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OT: copy constructor

by crashtest (Curate)
on Jan 30, 2011 at 05:14 UTC ( #885098=note: print w/replies, xml ) Need Help??

in reply to Re: scope and declaration in local packages
in thread scope and declaration in local packages

++ to your explanation. Brings to mind a post of mine from long ago where someone alerted me to the different program execution phases that variable declaration and variable assignment happen in. It was new to me then.

I am curious about your comment regarding the "copy constructor technique" - I assume you mean a constructor snippet like:

sub new{ my $proto = shift; my $class = ref($proto) || $proto; bless {}, $class; }
I am curious because I vaguely recall some prior nodes deriding this practice, mostly as I recall claiming that it's cargo-cult coding and the person writing the code doesn't understand what it does. But what makes you say that this usage is almost always an error? As long as you understand what it does, it seems like an acceptable shortcut to object instantiation, although I personally wouldn't use it. Is there some hidden danger here that I don't know about? If I remember correctly, my (outdated) edition of The Camel uses code like this.

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Re: OT: copy constructor
by chromatic (Archbishop) on Jan 30, 2011 at 16:33 UTC
    But what makes you say that this usage is almost always an error?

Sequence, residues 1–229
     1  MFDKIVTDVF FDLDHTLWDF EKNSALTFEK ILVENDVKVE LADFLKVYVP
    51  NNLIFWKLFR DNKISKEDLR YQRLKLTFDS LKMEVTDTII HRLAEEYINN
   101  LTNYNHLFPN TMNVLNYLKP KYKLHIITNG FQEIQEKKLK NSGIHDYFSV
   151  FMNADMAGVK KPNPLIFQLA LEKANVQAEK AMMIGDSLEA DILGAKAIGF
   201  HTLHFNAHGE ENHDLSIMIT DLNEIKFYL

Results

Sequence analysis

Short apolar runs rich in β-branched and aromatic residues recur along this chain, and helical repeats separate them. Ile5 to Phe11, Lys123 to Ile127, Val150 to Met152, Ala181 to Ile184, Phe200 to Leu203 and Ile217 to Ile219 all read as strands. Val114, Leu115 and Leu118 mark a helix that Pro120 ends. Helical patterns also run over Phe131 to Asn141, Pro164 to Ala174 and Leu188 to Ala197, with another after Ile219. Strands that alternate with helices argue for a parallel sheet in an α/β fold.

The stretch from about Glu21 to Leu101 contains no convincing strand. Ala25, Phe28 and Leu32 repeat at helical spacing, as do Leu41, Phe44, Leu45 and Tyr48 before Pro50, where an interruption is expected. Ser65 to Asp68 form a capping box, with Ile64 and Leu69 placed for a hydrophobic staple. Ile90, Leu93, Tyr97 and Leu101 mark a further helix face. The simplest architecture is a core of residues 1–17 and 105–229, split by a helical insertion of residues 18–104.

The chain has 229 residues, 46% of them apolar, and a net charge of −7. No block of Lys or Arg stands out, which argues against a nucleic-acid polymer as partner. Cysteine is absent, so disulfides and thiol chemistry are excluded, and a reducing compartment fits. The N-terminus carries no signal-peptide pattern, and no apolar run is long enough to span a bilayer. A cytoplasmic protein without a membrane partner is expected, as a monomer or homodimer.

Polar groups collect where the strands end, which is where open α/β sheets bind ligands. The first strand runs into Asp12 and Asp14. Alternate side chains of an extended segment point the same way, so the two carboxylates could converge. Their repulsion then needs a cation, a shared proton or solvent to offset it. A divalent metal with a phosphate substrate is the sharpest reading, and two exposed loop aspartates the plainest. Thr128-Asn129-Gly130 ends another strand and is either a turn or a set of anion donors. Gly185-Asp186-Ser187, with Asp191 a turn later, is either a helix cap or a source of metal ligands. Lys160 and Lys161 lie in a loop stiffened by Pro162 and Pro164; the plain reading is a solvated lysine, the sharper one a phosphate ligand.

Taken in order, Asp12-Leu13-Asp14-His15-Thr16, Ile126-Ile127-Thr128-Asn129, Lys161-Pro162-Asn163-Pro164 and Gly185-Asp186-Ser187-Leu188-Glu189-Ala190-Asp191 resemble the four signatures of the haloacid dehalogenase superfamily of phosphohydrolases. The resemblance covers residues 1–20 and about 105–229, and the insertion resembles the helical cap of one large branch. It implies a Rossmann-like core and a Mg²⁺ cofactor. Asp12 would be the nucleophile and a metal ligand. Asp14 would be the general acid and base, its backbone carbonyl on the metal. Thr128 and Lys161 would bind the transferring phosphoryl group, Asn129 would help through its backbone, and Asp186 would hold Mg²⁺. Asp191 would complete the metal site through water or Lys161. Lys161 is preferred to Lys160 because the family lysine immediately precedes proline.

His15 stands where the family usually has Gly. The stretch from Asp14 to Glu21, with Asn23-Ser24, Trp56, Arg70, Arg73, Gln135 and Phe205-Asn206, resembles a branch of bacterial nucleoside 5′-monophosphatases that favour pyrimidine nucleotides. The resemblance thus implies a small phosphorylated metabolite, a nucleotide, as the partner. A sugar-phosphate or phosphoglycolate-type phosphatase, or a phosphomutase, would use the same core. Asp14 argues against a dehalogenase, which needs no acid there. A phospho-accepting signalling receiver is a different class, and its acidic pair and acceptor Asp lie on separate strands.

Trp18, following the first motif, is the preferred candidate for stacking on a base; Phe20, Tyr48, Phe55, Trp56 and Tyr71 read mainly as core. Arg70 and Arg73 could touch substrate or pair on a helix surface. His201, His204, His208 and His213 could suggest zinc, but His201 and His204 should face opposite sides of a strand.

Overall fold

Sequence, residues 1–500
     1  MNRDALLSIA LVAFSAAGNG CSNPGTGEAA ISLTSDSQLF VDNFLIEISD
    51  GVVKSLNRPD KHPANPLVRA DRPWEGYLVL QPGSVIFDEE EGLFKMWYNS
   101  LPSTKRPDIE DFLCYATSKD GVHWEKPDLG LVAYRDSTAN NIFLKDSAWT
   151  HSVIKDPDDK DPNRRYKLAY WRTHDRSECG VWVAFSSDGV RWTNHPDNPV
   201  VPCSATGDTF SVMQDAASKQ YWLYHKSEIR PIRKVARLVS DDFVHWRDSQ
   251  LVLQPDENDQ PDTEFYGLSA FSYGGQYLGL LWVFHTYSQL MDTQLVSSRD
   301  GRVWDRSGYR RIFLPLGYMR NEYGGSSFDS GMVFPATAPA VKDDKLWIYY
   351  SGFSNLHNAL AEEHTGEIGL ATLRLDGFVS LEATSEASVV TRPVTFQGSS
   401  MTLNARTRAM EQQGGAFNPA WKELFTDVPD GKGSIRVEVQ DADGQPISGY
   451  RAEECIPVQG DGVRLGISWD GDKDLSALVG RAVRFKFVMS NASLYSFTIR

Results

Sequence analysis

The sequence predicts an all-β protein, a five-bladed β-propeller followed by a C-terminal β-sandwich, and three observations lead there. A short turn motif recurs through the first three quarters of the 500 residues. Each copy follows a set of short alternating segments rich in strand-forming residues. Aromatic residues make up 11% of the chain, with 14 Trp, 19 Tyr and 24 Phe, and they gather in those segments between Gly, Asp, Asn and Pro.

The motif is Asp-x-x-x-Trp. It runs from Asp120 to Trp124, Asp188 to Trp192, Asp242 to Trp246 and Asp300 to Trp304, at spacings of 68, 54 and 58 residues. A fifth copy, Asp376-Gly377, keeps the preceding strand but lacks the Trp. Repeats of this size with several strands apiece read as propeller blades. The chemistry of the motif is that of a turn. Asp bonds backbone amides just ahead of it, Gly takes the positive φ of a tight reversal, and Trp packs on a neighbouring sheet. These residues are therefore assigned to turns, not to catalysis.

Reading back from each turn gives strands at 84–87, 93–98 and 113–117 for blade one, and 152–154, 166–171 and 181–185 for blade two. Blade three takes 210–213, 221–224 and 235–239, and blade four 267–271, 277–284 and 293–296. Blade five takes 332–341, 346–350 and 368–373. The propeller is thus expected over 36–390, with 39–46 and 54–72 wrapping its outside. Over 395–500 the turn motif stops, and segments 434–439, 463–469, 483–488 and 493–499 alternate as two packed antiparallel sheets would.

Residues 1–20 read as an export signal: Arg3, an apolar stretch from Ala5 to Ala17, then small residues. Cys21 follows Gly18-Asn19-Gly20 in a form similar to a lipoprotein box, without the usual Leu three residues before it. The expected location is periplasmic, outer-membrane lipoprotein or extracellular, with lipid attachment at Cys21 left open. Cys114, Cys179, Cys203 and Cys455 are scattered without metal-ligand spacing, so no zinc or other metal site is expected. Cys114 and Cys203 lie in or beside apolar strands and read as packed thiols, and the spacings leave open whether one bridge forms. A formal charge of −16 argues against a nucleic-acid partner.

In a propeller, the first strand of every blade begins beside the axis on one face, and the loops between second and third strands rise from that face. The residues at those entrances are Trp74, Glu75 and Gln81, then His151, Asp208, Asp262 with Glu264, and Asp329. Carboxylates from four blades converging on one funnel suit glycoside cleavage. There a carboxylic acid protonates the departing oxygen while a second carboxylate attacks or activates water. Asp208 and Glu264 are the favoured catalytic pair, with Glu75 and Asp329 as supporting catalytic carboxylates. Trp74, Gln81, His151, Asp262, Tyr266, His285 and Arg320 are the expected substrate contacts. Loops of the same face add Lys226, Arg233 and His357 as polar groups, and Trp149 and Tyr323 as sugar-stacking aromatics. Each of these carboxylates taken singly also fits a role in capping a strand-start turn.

In the original code, $class went entirely unused. All of the shenanigans to figure out whether the invocant is a reference are useless.

    The design problem with this technique is that it allows you to write:

    my $object = Class->new(); my $otherobj = $object->new();

    What relationship should $otherobj have with $object? Does it have any? It's easy to expect a prototypal relationship between the two, or one where the former's instance data somehow sets the latter's, but there's almost never any code in the copy-and-paste copy constructor to set this.

    Why create an interface that does nothing?

    Worst yet, consider what happens if someone invokes the constructor like this:

    o my $object = Class::new( {} );

    I know that's unlikely, but the copy constructor technique will silently create an object blessed into a package called HASH. Without the copy constructor technique, Perl will happily throw an exception about attempting to bless into a reference. This technique silences useful error messages for no good reason.

    As far as I can tell, the only reason this code persists is because someone put it in the documentation as an example of a cool technique, and people started thinking it was necessary because the documentation explained Perl 5 objects as crazy black boxes that require a lot of arcana.

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